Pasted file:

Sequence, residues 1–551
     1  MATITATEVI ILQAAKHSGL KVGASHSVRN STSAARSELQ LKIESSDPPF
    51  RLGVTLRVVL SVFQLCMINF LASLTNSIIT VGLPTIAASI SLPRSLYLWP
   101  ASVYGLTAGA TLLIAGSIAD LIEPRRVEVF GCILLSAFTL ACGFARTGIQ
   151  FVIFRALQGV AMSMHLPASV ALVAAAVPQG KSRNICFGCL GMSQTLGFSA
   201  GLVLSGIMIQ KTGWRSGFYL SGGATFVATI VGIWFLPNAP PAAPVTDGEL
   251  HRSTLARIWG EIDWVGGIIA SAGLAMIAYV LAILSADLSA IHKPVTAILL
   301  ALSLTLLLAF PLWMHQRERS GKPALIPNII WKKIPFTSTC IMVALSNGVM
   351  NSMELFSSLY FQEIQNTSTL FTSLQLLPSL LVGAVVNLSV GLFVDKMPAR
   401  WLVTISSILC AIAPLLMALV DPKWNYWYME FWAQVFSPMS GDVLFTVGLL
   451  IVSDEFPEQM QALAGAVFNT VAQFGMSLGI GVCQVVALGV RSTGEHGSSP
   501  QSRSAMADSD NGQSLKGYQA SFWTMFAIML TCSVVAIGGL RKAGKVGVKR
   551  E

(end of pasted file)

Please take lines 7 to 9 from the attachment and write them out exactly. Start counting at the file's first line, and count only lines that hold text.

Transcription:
   251  HRSTLARIWG EIDWVGGIIA SAGLAMIAYV LAILSADLSA IHKPVTAILL
   301  ALSLTLLLAF PLWMHQRERS GKPALIPNII WKKIPFTSTC IMVALSNGVM
   351  NSMELFSSLY FQEIQNTSTL FTSLQLLPSL LVGAVVNLSV GLFVDKMPAR